Table Table 3. The seven Spectral Similarity Matrices of the PRISMA data, obtained by the seven supervised classifiers which were performed on the coastal waters of the area close to Lagoon of Lesina are shown. The names of the algorithms are shown in the first row of the first column of each Spectral Similarity Matrix, highlighted in yellow. Each Spectral Similarity Matrix is symmetrical with respect to the main diagonal, highlighted in grey. The first row and the first column of each Spectral Similarity Matrix show the station names (see Figure 1a).

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Table 3. The seven Spectral Similarity Matrices of the PRISMA data, obtained by the seven supervised classifiers which were performed on the coastal waters of the area close to Lagoon of Lesina are shown. The names of the algorithms are shown in the first row of the first column of each Spectral Similarity Matrix, highlighted in yellow. Each Spectral Similarity Matrix is symmetrical with respect to the main diagonal, highlighted in grey. The first row and the first column of each Spectral Similarity Matrix show the station names (see Figure 1a).
BEStation namesPaStation names
LES11LES10LES8LES6LES4LES2LES11LES10LES8LES6LES4LES2
Station namesLES1199.7099.0097.7098.0099.0098.00Station namesLES11601317310297296271
LES1099.0099.7098.0099.0099.0099.00LES10317601421401421397
LES897.7098.0099.3099.0098.0098.00LES8310421601403412217
LES698.0099.0099.0099.7098.0099.00LES6297401403601587570
LES499.0099.0098.0098.0099.7099.00LES4296421412587601124
LES298.0099.0098.0099.0099.0099.30LES2271397217570124601
MLStation namesSAMStation names
LES11LES10LES8LES6LES4LES2LES11LES10LES8LES6LES4LES2

Station namesLES110.000.000.000.000.000.00Station namesLES110.00900.06400.10100.06300.03800.0580
LES100.000.000.000.000.000.00LES100.06400.00300.12400.05900.03300.0560
LES80.000.000.000.000.000.00LES80.10100.12400.00500.07600.12100.0800
LES60.000.000.000.000.000.00LES60.06300.05900.07600.01700.06000.0320
LES40.000.000.000.000.000.00LES40.03800.03300.12100.06000.00100.0580
LES20.000.000.000.000.000.00LES20.05800.05600.08000.03200.05800.0210
MaDStation namesSIDStation names
LES11LES10LES8LES6LES4LES2LES11LES10LES8LES6LES4LES2

Station namesLES113.504.755.004.904.804.80Station namesLES110.00000.00700.02100.02200.00900.0160
LES104.753.504.905.104.904.90LES100.00700.00100.01200.00900.00400.0065
LES85.004.903.504.904.755.30LES80.02100.01200.00100.00600.01500.0070
LES64.905.104.903.504.904.75LES60.02200.00900.00600.00000.00700.0020
LES44.804.904.754.903.504.90LES40.00900.00400.01500.00700.00000.0038
LES24.804.905.304.754.903.50LES20.01600.00650.00700.00200.00380.0010
MiDStation names
LES11LES10LES8LES6LES4LES2

Station namesLES110.01300.04100.15700.16400.15800.1850
LES100.04100.02000.14500.14700.14000.1670
LES80.15700.14500.01300.03900.05100.0570
LES60.16400.14700.03900.01900.02600.0390
LES40.15800.14000.05100.02600.00800.0450
LES20.18500.16700.05700.03900.04500.0310
Table Table 4. The varieties of the spectral similarity measurements, extracted by each classifier for each site, are shown. These varieties were obtained on the CHRIS mode 1 and mode 2, the Landsat5-TM, the MIVIS, the PRISMA and the ASD, resized from 400 to 1,000 nm, data. In the last two columns, the total variety of the spectral similarity measurements and the capability are shown.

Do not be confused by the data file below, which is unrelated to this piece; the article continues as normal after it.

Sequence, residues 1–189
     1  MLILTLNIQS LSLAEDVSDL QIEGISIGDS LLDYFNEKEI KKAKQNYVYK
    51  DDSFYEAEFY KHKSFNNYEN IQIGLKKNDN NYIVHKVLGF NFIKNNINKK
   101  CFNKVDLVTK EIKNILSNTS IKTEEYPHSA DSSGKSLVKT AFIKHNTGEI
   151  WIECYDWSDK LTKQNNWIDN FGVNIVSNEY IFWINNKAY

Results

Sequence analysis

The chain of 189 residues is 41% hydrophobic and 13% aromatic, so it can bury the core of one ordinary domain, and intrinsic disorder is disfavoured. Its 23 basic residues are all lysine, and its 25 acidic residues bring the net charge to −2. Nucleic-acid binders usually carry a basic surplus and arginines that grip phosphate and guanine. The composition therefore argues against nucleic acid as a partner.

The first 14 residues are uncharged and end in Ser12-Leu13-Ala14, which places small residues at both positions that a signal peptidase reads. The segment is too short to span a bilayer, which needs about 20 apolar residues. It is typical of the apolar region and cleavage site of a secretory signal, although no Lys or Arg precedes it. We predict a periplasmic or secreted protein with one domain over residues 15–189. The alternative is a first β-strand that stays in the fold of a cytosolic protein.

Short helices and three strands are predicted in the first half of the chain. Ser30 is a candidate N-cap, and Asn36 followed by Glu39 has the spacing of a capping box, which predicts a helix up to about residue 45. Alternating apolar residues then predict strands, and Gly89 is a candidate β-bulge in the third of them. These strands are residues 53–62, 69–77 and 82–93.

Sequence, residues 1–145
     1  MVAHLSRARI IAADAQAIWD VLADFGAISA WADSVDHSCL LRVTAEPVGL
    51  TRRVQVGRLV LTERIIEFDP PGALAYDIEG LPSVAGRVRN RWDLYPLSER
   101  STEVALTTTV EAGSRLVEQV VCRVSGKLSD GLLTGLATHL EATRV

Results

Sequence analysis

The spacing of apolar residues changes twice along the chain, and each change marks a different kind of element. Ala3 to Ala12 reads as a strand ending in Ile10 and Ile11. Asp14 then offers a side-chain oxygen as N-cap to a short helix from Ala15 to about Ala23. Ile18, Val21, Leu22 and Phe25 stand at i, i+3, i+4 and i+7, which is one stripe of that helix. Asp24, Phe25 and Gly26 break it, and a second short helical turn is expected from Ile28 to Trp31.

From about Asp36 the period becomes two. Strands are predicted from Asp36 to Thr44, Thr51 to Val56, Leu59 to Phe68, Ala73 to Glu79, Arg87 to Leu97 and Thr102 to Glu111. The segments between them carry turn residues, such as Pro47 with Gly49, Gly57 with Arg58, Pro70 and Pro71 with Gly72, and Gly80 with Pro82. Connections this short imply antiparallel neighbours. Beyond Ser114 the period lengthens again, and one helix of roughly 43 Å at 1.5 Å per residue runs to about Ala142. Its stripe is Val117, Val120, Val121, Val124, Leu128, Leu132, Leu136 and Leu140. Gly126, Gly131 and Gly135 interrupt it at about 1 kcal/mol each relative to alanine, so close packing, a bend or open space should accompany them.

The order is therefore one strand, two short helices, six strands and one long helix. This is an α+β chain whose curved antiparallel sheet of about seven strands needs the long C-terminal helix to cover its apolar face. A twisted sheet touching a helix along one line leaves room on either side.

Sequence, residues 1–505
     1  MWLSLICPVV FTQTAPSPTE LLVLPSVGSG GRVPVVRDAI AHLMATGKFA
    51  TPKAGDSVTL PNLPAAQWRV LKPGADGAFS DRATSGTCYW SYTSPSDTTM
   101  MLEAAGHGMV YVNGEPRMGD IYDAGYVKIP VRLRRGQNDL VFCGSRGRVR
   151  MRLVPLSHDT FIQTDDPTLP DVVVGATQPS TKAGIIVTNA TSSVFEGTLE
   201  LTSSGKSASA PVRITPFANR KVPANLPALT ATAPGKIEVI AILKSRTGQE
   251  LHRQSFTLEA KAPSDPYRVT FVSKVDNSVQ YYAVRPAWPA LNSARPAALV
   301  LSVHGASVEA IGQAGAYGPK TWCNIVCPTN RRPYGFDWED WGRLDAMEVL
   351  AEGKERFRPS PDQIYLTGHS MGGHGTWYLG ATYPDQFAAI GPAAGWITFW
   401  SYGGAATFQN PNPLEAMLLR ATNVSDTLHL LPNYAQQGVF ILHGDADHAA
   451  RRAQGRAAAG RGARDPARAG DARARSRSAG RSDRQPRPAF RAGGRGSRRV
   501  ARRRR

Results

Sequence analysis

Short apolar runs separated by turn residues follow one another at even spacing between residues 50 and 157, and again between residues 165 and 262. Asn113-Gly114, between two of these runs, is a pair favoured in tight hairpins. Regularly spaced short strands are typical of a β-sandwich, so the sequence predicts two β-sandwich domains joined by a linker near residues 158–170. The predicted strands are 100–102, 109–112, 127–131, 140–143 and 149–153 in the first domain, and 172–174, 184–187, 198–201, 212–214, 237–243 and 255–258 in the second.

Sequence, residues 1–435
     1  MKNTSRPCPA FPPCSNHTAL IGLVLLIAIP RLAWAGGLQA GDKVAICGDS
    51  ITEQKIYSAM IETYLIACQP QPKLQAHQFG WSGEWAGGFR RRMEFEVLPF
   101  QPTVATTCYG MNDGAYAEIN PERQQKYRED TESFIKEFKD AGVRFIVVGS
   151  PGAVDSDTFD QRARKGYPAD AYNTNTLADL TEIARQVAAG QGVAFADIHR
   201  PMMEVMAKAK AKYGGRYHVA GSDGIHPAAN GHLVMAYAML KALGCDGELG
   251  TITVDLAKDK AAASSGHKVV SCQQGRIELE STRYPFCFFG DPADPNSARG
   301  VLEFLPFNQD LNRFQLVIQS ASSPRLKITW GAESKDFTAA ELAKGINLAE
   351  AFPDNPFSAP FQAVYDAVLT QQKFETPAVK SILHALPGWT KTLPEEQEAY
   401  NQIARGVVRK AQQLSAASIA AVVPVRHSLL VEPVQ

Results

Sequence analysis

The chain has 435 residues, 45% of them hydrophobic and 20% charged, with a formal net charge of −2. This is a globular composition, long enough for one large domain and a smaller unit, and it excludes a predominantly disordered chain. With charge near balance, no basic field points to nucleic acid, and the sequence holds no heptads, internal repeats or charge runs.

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Table 4. The varieties of the spectral similarity measurements, extracted by each classifier for each site, are shown. These varieties were obtained on the CHRIS mode 1 and mode 2, the Landsat5-TM, the MIVIS, the PRISMA and the ASD, resized from 400 to 1,000 nm, data. In the last two columns, the total variety of the spectral similarity measurements and the capability are shown.
Coastal waters ofSensorVariety of Each ClassifierTotal VarietyCapability
BEMLMaDMiDPaSAMSID
The area close to the Lagoon of LesinaCHRIS mode 141716121713701.67
CHRIS mode 231615111611631.50
Landasat5 TM2121010108431.02
MIVIS41514101511601.43
PRISMA51716121713711.69
ASD (400–1,000 nm)71917162014842.00
The Gulf of ManfredoniaCHRIS mode 11612886688803411.35
CHRIS mode 21412895588793281.30
Landasat5 TM412881381762651.05
MIVIS1712905587763281.30
PRISMA1712936488793441.37
ASD (400–1,000 nm)23142936788793931.56
The Gulf of TarantoCHRIS mode 1612777777663062.08
CHRIS mode 2612805772622801.90
Landasat5 TM212761369572201.50
MIVIS312756177602791.90
PRISMA712747778683072.09
ASD (400–1,000 nm)13130767880683462.35
Table Table 5. The total number of the all errors, the error quantity, the total magnitude of all errors, the error magnitude and the value of the uncertainty (highlighted with darker color), which were obtained by the five data pairs for the three coastal sites, are shown.

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Table 5. The total number of the all errors, the error quantity, the total magnitude of all errors, the error magnitude and the value of the uncertainty (highlighted with darker color), which were obtained by the five data pairs for the three coastal sites, are shown.
Data Pair

CHRIS Mode 1 Data and Its Corresponding Synthetic DataCHRIS Mode 2 Data and Its Corresponding Synthetic DataLandsat5-TM Data and Its Corresponding Synthetic dataMIVIS Data and Its Corresponding Synthetic DataPRISMA Data and Its Corresponding Synthetic Data
Coastal Area Close to the Lagoon of Lesina
Total number of all errors4764775741
Error quantity4.57%6.29%7.43%5.43%4.00%
Total magnitude of all errors6818451,073725656
Error magnitude0.660.811.040.700.64
Uncertainty3.00%5.12%7.75%3.80%2.56%
Gulf of Manfredonia
Total number of all errors1,2651,8262,4291,518704
Error quantity3.86%5.57%7.43%4.71%2.14%
Total magnitude of all errors5,47626,84731,67624,4724,399
Error magnitude0.170.830.970.740.13
Uncertainty0.66%4.62%7.22%3.50%0.28%
Gulf of Taranto
Total number of all errors6427621,051713390
Error quantity3.00%3.57%4.43%3.43%2.14%
Total magnitude of all errors4,2585,1609,2147,0683,755
Error magnitude0.370.460.810.630.33
Uncertainty1.11%1.63%3.61%2.16%0.70%